From: Andrey Semashev (andrey.semashev_at_[hidden])
Date: 2008-08-17 16:13:37
David Abrahams wrote:
> on Sun Aug 17 2008, Andrey Semashev <andrey.semashev-AT-gmail.com> wrote:
>> State machines, as I see it, are meant to define an object behavior,
>> IOW reduce the amount of undefined behavior. It is pointless to use
>> them to implement undefined behavior.
> So std::vector is pointless because it exhibits undefined behavior when
No, vector is not pointless, because its purpose is to store elements,
not to define behavior. I will need vector to store elements even with
undefined behavior on invalid pointers as its input. But why would I
need FSM if it doesn't define my object's behavior? Or if I am adamant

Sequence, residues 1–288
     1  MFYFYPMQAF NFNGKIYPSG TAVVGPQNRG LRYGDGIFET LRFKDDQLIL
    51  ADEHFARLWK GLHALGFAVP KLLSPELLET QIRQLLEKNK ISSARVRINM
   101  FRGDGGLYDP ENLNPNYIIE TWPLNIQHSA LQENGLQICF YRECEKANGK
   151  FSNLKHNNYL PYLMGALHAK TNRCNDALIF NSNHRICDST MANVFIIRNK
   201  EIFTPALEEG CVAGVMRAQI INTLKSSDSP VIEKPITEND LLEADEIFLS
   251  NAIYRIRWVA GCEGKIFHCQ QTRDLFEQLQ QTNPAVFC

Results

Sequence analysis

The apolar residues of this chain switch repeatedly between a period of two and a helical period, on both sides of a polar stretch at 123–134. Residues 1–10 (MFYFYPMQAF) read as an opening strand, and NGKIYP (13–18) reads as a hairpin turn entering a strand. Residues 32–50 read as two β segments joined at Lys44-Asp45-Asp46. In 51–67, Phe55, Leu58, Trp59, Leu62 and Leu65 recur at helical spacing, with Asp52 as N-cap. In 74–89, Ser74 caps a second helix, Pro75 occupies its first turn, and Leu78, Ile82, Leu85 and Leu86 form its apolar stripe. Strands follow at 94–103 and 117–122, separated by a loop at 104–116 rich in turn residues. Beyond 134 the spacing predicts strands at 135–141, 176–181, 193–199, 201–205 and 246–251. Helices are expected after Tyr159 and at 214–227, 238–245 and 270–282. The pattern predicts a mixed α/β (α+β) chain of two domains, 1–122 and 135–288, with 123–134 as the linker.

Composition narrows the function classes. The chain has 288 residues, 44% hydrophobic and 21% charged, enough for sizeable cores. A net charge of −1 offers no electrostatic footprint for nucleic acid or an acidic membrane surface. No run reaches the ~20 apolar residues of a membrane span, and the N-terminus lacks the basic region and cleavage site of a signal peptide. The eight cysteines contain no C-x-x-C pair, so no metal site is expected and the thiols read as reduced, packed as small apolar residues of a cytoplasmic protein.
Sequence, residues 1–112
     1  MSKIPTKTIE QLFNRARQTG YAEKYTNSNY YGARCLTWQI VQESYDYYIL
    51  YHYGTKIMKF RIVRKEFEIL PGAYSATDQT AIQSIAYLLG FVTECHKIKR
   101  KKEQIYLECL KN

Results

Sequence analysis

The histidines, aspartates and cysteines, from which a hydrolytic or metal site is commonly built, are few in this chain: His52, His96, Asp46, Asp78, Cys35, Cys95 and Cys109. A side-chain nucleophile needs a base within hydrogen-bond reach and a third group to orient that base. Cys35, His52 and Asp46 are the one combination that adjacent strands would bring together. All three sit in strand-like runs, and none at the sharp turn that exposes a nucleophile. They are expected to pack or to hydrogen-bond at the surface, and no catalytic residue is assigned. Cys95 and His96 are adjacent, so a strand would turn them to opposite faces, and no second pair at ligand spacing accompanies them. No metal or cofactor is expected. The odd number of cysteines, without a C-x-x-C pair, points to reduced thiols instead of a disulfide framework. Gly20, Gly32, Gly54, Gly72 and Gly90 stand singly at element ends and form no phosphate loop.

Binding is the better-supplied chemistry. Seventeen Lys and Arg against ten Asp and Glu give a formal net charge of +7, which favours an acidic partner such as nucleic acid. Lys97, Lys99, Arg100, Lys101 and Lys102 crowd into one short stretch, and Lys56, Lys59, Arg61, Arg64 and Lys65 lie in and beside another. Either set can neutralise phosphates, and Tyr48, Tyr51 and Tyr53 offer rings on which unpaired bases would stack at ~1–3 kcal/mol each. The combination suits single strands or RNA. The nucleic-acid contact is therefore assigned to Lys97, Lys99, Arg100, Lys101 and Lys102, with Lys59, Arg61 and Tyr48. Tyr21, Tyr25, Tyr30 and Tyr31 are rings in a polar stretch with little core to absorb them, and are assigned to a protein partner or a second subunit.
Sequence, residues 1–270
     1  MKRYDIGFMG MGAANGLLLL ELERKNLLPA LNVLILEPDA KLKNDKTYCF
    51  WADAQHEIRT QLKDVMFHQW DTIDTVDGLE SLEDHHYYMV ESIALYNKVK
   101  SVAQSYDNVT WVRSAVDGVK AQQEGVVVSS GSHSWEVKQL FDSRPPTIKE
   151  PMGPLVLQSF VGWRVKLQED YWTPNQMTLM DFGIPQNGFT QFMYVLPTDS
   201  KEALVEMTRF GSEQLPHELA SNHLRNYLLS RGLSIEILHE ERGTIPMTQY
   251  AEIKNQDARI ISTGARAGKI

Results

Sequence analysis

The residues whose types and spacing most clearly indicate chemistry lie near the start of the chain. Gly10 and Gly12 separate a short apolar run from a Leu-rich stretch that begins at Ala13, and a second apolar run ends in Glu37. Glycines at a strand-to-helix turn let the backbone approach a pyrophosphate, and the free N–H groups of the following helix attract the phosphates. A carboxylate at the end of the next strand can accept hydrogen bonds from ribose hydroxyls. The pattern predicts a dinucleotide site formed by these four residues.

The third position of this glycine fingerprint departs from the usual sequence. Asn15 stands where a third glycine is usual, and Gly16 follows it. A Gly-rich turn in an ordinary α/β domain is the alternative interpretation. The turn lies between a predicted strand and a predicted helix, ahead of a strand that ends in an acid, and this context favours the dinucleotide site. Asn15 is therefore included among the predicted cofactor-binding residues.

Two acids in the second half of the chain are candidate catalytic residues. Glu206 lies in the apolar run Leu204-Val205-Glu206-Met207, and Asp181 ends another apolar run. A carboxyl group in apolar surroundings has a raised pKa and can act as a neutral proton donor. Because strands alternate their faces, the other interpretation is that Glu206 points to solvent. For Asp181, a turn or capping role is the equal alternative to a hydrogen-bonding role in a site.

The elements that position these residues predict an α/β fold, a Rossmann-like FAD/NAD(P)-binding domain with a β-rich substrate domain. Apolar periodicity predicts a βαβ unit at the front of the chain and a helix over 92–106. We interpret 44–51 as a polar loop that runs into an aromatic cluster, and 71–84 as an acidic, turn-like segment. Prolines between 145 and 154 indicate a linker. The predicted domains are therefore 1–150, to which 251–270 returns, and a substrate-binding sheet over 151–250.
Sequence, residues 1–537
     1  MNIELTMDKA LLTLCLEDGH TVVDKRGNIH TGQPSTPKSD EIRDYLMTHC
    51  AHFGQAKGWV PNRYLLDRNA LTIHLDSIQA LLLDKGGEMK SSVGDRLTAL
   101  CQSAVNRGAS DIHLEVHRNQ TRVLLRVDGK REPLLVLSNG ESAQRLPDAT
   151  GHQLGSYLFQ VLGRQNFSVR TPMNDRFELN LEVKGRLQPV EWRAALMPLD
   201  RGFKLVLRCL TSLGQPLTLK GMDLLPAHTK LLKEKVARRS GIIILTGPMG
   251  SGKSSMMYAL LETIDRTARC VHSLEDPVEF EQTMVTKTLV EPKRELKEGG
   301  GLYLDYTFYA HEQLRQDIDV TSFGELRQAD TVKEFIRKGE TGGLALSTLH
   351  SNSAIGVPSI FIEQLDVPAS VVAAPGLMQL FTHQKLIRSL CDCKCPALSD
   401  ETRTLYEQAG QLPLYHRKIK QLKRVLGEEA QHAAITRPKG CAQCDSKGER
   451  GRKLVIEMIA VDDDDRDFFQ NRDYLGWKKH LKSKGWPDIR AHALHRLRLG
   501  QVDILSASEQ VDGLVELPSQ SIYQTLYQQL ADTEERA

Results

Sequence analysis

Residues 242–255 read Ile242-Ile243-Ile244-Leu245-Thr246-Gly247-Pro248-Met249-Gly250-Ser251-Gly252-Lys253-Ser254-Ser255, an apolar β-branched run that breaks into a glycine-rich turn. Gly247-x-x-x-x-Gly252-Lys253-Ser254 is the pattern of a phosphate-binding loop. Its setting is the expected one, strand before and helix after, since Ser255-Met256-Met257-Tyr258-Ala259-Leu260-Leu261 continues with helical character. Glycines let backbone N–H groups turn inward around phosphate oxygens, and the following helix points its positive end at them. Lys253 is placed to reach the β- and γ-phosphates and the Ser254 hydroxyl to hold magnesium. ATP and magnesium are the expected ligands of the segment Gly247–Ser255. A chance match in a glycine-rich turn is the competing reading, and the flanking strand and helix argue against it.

on what particular input will come from the environment (IOW, the
behavior is already defined by the environment)?
>>> I find the code written using the proposed library rather procedural
>>> in nature (rather than declarative), thus the OP's comparison is very
>>> apt from my point-of-view. The hand-rolled code actually looks
>>> clearer and more direct to me.
>> Please, have a look at my reply to Phil. I've attached a code snippet
>> with a transition map. Does that look more declarative?
> Not really, to me. It's very difficult for me to see the transitions in
> that code. Compare that with either of my player examples.
Hmm... I don't see much difference, except for comments markup. Both
code samples use transition maps, both use vectors... Is it because the
transition map in your code is a member of the complete FSM?
Boost list run by bdawes at acm.org, gregod at cs.rpi.edu, cpdaniel at pacbell.net, john at johnmaddock.co.uk